Robinson Huron Treaty annuity negotiations resume
Meetings to renegotiate a $4 per-person annuity first established in 1874
Negotiations have resumed between the Robinson Huron Treaty leadership, Ontario and Canada regarding treaty annuities.
The 21 First Nations that are part of the treaty have argued that a $4 per-person annuity established in 1874 needs to be renegotiated.
Mike Restoule, chair of the Robinson-Huron Treaty Litigation Fund, said he believes the upcoming election in Ontario has brought the province back to the negotiating table.
"The Ford government would like to obviously be re-elected as the government of Ontario," he said. "So that was one of the things that prompted their move towards negotiation and settlement of the case."
Restoule said the Robinson Huron Treaty leadership met with provincial and federal government representatives on April 13 and 14.
"They've made moves toward some semblance of a settlement," he said.
Restoule added the treaty leadership countered the federal government's proposal, and is now waiting for a response. He said Ontario has indicated it would follow Canada's lead in the negotiations.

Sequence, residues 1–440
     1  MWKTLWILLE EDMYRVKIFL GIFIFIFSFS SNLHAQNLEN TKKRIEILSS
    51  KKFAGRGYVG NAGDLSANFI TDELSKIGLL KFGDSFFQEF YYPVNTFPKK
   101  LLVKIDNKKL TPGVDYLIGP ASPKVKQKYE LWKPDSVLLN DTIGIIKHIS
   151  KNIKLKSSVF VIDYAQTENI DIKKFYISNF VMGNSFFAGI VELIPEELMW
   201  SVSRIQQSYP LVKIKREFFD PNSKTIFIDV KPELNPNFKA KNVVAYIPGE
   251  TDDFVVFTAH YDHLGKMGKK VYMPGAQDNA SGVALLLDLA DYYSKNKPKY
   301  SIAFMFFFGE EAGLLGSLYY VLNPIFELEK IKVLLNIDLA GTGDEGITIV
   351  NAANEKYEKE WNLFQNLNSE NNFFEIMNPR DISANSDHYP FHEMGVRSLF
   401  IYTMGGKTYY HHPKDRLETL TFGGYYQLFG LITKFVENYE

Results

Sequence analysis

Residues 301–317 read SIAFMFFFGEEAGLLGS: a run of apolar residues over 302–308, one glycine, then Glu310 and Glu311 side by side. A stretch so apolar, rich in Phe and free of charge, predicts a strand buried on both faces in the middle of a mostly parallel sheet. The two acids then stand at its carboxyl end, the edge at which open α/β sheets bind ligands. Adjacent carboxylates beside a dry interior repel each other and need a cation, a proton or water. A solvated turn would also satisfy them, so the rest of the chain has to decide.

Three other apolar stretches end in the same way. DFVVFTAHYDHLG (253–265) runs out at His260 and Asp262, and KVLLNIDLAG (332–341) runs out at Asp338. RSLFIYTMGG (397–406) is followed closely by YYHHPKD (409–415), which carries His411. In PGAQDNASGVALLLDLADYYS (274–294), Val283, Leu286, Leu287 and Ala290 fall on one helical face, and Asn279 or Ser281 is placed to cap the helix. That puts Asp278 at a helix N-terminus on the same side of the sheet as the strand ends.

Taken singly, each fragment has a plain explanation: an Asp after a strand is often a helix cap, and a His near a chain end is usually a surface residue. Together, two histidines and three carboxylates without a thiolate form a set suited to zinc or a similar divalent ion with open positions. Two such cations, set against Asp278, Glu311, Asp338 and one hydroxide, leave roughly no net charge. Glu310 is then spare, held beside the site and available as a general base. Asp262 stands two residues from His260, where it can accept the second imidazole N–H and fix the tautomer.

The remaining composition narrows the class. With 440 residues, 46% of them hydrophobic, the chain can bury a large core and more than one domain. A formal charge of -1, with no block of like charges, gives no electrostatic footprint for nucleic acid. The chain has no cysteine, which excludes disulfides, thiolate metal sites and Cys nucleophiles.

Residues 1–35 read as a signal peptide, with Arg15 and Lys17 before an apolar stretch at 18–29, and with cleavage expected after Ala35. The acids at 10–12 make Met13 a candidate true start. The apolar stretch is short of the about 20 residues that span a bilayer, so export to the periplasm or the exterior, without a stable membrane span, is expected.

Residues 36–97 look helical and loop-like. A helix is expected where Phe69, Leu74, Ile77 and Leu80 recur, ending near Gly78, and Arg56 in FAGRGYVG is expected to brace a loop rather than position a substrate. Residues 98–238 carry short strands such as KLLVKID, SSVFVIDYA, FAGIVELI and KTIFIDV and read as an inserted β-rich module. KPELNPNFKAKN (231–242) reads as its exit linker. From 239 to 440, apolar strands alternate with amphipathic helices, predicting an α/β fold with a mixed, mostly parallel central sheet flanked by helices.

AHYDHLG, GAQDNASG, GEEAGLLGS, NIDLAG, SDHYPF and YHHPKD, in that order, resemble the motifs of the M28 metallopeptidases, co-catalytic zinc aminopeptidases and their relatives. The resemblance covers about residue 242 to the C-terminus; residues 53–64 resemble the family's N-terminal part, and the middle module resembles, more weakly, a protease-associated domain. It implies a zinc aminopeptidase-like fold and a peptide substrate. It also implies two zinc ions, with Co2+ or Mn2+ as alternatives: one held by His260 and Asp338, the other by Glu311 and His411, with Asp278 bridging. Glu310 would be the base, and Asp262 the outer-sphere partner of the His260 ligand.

"We are pleased to be in a place where we are talking about negotiating a resolution to our annuities case outside of the court. We have always known that reconciliation will not happen in the courtroom," said Batchewana First Nation Chief Dean Sayers in a press release.
While negotiations have resumed, Restoule said the Robinson Huron Treaty has not stopped its litigation against both levels of government.
Both the Ontario Superior Court and then the Ontario Court of Appeal upheld the litigation against the provincial and federal governments.
Ontario has said it would appeal the case to the Supreme Court of Canada.
With files from Jonathan Pinto